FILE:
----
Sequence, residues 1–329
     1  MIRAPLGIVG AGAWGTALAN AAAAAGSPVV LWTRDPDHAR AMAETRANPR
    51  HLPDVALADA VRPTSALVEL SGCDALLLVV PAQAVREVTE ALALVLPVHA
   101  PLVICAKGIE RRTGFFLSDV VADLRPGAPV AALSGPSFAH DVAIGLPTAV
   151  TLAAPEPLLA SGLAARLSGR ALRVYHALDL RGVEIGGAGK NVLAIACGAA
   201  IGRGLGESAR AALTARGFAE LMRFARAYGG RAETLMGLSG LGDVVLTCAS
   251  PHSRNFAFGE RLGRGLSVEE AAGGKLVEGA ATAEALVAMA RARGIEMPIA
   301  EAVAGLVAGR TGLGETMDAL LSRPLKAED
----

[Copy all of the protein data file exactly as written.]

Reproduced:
Sequence, residues 1–329
     1  MIRAPLGIVG AGAWGTALAN AAAAAGSPVV LWTRDPDHAR AMAETRANPR
    51  HLPDVALADA VRPTSALVEL SGCDALLLVV PAQAVREVTE ALALVLPVHA
   101  PLVICAKGIE RRTGFFLSDV VADLRPGAPV AALSGPSFAH DVAIGLPTAV
   151  TLAAPEPLLA SGLAARLSGR ALRVYHALDL RGVEIGGAGK NVLAIACGAA
   201  IGRGLGESAR AALTARGFAE LMRFARAYGG RAETLMGLSG LGDVVLTCAS
   251  PHSRNFAFGE RLGRGLSVEE AAGGKLVEGA ATAEALVAMA RARGIEMPIA
   301  EAVAGLVAGR TGLGETMDAL LSRPLKAED